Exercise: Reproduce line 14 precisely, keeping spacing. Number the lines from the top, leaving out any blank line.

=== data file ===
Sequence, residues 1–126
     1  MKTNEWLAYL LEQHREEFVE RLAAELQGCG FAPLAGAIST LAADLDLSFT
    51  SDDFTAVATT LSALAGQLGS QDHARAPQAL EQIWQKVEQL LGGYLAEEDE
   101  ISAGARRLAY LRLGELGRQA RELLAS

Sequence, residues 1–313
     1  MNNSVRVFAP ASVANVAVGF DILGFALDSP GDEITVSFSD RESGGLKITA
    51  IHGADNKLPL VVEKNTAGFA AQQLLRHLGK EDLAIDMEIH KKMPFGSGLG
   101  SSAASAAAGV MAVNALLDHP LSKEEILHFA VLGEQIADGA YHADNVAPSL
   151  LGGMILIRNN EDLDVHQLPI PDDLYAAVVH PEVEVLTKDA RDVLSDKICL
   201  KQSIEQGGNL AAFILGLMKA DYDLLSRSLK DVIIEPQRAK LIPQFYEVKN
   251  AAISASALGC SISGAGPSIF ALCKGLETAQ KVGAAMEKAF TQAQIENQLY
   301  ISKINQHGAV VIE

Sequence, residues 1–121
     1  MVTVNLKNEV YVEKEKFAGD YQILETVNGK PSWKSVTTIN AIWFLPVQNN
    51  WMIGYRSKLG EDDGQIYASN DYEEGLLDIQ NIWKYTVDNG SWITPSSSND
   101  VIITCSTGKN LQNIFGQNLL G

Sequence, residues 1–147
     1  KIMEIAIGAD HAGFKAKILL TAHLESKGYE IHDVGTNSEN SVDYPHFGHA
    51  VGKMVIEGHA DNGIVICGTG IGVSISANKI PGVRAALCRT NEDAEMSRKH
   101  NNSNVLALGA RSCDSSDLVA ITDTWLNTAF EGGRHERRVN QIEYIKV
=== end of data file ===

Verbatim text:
     1  MVTVNLKNEV YVEKEKFAGD YQILETVNGK PSWKSVTTIN AIWFLPVQNN